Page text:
Marina v.N. Whitman was featured in the December 13 edition of the Detroit Free Press as a Guest Writer. Her article, “The economy, looking up, but not by much,” analyzes the modest economic steps that Detroit, Michigan, and the United States have taken while noting a long road still lies ahead for all three.
Detroit, thought to be on its last legs, has transformed mightily in just one year. “The city is out of bankruptcy, the pension cuts are much less drastic than feared, the [Detroit Institute of Arts’] collection is intact and protected for the future, efforts to improve appallingly inadequate city services are underway, and there are signs of a cultural rebirth,” Whitman writes. Nonetheless, she cautions against being too optimistic regarding Detroit’s revival: poverty, unemployment, high-school dropout rates, and blight all remain ridiculously high, and much work remains before Detroit becomes a national power once more.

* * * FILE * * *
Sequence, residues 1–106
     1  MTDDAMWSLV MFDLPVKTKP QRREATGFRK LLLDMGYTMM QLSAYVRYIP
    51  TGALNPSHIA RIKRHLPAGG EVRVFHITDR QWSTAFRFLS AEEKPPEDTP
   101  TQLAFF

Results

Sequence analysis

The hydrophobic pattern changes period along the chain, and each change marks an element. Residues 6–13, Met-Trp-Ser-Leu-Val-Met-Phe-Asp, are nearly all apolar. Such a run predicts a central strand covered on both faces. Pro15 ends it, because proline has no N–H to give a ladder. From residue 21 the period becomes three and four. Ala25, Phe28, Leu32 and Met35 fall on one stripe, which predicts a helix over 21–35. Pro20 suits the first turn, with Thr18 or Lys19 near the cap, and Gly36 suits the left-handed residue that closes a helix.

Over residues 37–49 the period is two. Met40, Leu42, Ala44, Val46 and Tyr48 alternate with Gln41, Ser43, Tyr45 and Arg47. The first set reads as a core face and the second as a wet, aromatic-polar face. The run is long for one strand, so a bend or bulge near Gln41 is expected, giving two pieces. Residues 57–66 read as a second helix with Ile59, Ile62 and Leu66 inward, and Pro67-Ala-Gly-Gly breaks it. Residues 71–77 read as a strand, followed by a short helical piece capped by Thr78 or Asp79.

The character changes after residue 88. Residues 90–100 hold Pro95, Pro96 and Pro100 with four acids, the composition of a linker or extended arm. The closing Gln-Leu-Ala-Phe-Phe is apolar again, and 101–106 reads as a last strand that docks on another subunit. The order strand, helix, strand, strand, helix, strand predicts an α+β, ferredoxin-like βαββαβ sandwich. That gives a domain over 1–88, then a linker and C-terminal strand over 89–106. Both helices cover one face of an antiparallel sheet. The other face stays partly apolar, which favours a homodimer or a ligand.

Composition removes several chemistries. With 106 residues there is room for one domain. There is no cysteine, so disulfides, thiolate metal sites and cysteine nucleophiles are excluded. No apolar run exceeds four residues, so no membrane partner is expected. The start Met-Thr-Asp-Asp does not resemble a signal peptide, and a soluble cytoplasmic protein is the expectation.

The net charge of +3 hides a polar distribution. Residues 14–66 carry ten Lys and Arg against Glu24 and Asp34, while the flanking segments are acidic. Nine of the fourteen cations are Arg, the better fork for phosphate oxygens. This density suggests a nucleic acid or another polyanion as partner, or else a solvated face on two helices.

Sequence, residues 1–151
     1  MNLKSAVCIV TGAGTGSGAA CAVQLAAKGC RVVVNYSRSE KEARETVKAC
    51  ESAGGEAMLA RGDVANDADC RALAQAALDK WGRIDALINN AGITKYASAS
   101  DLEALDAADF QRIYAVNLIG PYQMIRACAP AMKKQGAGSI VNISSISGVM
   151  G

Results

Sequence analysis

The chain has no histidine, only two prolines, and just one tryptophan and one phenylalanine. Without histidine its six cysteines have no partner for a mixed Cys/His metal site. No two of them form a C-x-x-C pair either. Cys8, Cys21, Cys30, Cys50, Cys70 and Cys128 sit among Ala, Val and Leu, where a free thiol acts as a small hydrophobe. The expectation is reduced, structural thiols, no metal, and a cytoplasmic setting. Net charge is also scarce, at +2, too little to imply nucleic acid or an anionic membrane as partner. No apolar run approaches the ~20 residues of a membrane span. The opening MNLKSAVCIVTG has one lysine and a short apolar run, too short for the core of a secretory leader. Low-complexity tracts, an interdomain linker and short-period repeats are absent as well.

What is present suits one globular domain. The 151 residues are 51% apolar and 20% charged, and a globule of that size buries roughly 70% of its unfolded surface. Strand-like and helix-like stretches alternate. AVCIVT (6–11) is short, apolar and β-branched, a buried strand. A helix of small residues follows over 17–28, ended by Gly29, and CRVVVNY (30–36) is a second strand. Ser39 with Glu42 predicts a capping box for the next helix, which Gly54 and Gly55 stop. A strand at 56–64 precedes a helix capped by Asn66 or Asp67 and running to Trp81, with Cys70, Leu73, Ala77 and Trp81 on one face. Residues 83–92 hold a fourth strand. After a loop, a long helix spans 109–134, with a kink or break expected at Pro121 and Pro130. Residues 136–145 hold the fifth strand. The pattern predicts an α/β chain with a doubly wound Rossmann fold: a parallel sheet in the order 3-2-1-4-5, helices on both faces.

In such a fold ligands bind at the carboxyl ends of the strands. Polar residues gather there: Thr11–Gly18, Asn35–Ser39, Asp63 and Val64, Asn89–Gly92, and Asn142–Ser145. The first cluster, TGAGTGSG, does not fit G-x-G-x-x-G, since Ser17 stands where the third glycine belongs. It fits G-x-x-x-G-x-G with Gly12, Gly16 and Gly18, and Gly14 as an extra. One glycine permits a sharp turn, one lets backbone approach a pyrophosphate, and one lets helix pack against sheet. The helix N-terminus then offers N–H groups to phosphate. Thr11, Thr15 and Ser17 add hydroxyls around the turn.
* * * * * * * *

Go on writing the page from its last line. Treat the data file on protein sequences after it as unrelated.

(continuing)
Whitman takes the same stance in her examinations of Michigan and the United States. Michigan’s unemployment rate has dropped, but remains higher than the national average. Although the United States’ unemployment rate has also dropped fairly precipitously, “wages are stagnating, inequality in income and wealth is widening the gap between the haves and the have-nots,” Whitman states.
“It’s too early to tell whether our children and grandchildren will be better off than we are or, as many fear, worse off instead,” Whitman concludes. Nonetheless, hope remains the growth Detroit, Michigan, and the United States have recently seen manifests itself in the long-term.